Imperial teams up with the Althea Foundation to invest $100,000 in a three-year pioneering entrepreneurship programme and prize for women students.
Leading figures and supporters of women in entrepreneurship gathered this morning to celebrate the launch of the Althea-Imperial programme - a new scheme to identify and inspire the next generation of female entrepreneurs. Imperial College London has teamed up with The Althea Foundation, the social venture philanthropic organisation, to invest an initial $100,000 in a three-year entrepreneurship programme and prize for its female students.
As the deadline for applications approaches (Monday 27 October), female undergraduates and postgraduates were invited to submit their business ideas to be included in a pioneering and bespoke development programme designed to encourage and support more women studying science, technology, engineering and medicine (STEM) to play a leading role in the next generation of innovative business leaders.
Entrepreneurs and keynote speakers Sherry Coutu and Dame Stephanie Shirley joined Imperial President Professor Alice Gast and programme champion Professor Maggie Dallman, also Dean of Imperial’s Faculty of Natural Sciences, on stage. They talked about their experiences, shared their entrepreneurial wisdom, and encouraged female students to apply to the programme.
How I wish this Prize had been around when I started out
– Dame Stephanie Shirley
Angel investor Sherry Coutu made an enlightened and passionate case for the extra £1 trillion GDP that could be created by involving more women with a STEM background in establishing and scaling up new ventures. Software entrepreneur and charity founder Dame Stephanie reflected on a lifetime in business and shared the secrets of her success, which include only employing people who are better than you.
Dame Stephanie went on to invite established business people to share their journey and their successes, to encourage students to step forward and take a risk by applying to the programme, and to encourage mentors to give generously of their time. She finished by observing: "How I wish this Prize had been around when I started out".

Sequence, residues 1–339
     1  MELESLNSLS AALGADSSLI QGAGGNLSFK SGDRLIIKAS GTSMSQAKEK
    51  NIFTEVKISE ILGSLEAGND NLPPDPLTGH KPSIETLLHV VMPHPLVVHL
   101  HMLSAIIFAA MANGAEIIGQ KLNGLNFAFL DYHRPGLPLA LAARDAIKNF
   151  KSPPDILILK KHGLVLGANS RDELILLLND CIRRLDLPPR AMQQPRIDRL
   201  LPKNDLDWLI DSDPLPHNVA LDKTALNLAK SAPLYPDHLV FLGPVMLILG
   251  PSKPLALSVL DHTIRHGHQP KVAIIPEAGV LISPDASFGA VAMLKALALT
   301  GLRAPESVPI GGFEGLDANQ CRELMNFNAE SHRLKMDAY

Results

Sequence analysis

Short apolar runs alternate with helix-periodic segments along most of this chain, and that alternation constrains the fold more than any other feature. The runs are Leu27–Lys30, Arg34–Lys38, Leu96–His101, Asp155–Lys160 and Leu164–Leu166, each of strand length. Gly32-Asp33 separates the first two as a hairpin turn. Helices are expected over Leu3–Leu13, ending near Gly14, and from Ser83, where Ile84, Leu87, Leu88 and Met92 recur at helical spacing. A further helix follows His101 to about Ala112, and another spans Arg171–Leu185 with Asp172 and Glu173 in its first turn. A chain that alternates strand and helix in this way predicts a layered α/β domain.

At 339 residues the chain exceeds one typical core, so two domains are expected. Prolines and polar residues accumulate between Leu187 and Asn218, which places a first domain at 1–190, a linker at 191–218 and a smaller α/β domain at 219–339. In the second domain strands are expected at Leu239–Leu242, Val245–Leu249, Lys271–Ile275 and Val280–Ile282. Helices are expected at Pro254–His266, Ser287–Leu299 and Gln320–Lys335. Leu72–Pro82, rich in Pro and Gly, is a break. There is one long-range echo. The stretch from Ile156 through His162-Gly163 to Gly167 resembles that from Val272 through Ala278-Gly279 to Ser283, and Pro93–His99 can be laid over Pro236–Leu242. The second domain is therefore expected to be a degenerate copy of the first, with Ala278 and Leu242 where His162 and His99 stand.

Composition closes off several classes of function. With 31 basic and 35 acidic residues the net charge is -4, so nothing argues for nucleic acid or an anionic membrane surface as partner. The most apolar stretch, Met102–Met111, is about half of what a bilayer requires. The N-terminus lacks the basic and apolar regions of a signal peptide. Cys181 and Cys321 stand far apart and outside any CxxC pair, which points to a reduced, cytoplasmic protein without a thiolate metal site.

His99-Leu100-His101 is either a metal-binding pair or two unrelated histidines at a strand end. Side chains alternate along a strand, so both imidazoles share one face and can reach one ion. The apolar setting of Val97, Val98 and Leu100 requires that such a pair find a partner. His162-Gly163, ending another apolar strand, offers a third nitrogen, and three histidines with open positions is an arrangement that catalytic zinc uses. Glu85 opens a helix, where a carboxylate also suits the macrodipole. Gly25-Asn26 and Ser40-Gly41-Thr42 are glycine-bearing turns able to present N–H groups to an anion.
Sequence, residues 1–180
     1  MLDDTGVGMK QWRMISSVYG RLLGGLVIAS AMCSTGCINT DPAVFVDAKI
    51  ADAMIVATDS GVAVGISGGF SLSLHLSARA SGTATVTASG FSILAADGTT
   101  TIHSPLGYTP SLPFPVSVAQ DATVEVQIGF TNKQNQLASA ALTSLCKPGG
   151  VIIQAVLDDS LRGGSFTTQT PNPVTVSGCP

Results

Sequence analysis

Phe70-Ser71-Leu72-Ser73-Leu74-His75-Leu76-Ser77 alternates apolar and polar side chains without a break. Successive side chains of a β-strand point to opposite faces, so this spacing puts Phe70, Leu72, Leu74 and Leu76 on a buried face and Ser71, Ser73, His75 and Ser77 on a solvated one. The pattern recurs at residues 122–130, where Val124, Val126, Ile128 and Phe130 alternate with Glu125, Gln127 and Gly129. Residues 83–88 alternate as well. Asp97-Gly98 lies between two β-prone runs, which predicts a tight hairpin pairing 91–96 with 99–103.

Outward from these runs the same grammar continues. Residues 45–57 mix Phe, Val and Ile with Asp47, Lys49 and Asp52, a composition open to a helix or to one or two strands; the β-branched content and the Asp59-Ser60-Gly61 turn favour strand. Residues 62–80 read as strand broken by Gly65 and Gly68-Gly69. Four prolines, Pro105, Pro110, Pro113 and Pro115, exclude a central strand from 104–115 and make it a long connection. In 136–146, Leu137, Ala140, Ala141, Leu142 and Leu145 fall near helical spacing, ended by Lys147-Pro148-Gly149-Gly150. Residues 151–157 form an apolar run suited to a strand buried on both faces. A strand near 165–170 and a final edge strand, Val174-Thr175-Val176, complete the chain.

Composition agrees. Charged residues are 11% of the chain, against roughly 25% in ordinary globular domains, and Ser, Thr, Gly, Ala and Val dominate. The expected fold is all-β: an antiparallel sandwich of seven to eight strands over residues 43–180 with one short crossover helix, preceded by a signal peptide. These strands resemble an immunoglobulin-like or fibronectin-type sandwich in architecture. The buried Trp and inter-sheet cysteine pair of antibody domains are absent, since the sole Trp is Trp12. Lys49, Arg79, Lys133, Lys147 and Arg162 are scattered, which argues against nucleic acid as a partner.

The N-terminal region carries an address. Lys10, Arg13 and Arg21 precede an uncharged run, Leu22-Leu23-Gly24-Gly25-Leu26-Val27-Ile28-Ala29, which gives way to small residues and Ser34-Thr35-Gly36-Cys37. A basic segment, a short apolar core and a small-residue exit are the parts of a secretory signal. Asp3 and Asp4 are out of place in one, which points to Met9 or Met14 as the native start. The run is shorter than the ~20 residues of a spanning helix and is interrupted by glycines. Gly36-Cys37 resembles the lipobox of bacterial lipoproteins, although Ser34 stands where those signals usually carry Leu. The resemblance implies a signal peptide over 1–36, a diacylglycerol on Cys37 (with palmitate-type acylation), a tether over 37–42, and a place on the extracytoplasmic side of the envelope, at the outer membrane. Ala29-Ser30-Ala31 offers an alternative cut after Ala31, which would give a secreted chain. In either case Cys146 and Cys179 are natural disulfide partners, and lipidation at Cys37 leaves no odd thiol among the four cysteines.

"We are pleased to be collaborating with the Althea Foundation on this important programme", said Professor Alice Gast. "Entrepreneurship is at the heart of much of our work, and this programme offers us the opportunity to encourage women to develop their entrepreneurial ideas and create new and innovative enterprises.
"If we are serious about economic growth, we must find more ways to support women in STEM fields and encourage them to pursue their ideas and start their own businesses. We look forward to working with mentors and business leaders to inspire, invest in and unlock the talent of the UK's next generation of women entrepreneurs."
"The Althea-Imperial programme has been designed to transform entrepreneurship opportunities for women in STEM," says Alexsis de Raadt St. James, Founder and Chairman of The Althea Foundation. "Although more women are studying for STEM degrees than before, over 70% of them drop out of STEM careers. This new programme aims to reverse this loss of investment and talent by providing support for female Imperial students to pursue their entrepreneurship ambitions, and become the business leaders of the future.
The Althea-Imperial programme will support women students to develop their ideas through a range of sessions and workshops featuring business leaders, and one-to-one mentoring sessions for them to prepare their innovative ideas before pitching to a judging panel in May 2015. It will also create a community of peer support, as well as connect students to the broader entrepreneurship community at Imperial. The programme will support student entrepreneurs through the development of their ideas, with modules aimed at:
* helping them to solve grand challenges
* unlocking their creative skills
* developing their team leadership skills
* learning from failure
* harnessing public speaking skills in order to promote their ideas.
"We are launching this programme to ensure that Imperial continues to contribute the world's best minds to a new wave of female entrepreneurial leaders", says Professor Maggie Dallman, Dean of the Faculty of Natural Sciences and champion of the Althea-Imperial programme. "Speakers, mentors and judges on the programme represent some of the best minds in business today and I am delighted to be able to offer this exciting development opportunity to our students as part of their Imperial experience."
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